Demand for power and energy is also increasing: BNP Paribas expects it to double by 2050. This places a double priority on installing renewable generation sources – and progress is happening. Renewable energy will need to account for 85% of the global energy mix in 2050, up from 25% in 2017.


“According to the International Renewable Energy Agency (IRENA), the investment flows to make this happen will amount to an estimated US$115 trillion,” said Huang. “That comprises US$34 trillion for renewable energy, US$52 trillion for energy efficiency, tech and materials, and US$29 trillion for energy infrastructure and transportation.”


Clean energy will be key to combatting climate change, but the global transition to net zero carbon emissions is accelerating across every industry. In just the past five years, companies committed to reducing emissions under the Science Based Targets initiative (SBTi) have grown to represent roughly 20% of global market capitalisation.

Diversifying into diversity

Alongside energy and emissions, companies can also expect a greater focus on more specific aspects of the ESG spectrum. BNP Paribas expects more attention on the need to preserve and restore the planet’s biodiversity. One of the headline agreements at COP26 was the Declaration on Forests and Land Use: a pledge to end deforestation by 2030, covering 85% of all forests on the planet. More than 100 countries, including US$19bn of public/private funds, committed to end deforestation by 2030.

“Fostering biodiversity pays big dividends in terms of maintaining endangered species, but it also cuts GHG emissions by preserving the planet’s ability to absorb CO2,” said Huang. “We expect to see more capital markets activity focused on biodiversity projects, in line with ICMA Green Bond Principles, including terrestrial and aquatic biodiversity.”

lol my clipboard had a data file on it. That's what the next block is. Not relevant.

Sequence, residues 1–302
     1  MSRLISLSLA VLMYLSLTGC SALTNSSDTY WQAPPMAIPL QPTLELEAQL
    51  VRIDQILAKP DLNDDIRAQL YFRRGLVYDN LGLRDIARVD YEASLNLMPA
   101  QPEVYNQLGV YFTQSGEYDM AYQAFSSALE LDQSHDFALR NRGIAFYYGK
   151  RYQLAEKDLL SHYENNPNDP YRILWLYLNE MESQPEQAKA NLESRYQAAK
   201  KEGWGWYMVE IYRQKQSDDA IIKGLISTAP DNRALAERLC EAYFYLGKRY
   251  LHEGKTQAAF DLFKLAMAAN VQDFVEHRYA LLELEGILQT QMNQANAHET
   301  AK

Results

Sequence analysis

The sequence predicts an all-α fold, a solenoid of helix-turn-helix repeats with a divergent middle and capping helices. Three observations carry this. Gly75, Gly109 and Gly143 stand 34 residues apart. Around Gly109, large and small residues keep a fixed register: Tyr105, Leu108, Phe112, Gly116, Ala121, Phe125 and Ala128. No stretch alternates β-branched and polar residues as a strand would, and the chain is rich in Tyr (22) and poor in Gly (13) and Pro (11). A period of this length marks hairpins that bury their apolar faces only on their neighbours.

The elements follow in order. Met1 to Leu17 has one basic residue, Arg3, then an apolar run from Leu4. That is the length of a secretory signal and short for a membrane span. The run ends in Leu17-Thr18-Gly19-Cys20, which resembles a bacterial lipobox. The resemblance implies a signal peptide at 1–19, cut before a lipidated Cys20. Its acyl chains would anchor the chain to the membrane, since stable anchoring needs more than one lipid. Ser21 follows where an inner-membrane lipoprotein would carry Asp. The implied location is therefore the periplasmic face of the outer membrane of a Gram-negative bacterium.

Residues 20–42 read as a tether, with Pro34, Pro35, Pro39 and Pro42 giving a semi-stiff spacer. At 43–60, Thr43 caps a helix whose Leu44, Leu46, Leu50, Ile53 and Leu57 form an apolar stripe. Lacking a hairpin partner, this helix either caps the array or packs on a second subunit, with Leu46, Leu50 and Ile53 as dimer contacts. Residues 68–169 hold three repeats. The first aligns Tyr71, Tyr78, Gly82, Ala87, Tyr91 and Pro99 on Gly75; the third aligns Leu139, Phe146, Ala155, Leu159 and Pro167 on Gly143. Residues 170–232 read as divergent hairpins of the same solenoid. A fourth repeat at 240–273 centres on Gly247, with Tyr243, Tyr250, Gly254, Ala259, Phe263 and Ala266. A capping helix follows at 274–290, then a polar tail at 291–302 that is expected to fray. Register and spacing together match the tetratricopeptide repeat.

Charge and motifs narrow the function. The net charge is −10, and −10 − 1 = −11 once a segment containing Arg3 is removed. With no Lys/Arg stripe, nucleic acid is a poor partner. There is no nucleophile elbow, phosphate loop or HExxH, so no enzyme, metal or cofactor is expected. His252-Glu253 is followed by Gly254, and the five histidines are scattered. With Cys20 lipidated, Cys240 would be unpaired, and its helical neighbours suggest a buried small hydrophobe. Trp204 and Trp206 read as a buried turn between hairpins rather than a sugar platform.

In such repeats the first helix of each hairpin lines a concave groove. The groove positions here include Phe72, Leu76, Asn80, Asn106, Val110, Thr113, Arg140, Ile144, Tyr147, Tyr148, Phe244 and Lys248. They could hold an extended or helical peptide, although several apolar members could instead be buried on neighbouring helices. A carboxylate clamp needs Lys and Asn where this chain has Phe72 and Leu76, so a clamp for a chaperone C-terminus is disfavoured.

Also showing up more strongly on investors’ radars is the ‘S’ in ESG: an interest in the social elements that accompany the transition to a net-zero world – which gain added impetus from initiatives to rectify the impacts of the pandemic.


“Companies that reward or incentivise increased diversity and inclusion (D&I) in the workplace are popular with investors,” said Milon. “From more women in boardrooms to financial inclusion in emerging economies, asset managers are incorporating more and more D&I considerations in their investment decisions.”


The growth of sustainable finance shows that social ambitions resonate with both issuers and investors. Environmental Finance figures for 2021 show that social bond issuance reached a record at close to US$165 billion. “Many of these deals continue to contain a Covid-recovery element,” said Huang. “Funding that supports employment generation and entrepreneurship through NGOs or microlending is still strongly supported.”


If COP26 provided the ‘push’ for ESG investing last year, COP27’s focus on increased national ambitions and climate finance commitments will add a ‘pull’ as 2022 continues. Both issuers and fund managers will have ample opportunities to participate in the continued growth of ESG-aligned investment.


“It’s been dubbed the green supercycle,” concluded Milon. “ESG is here to stay.”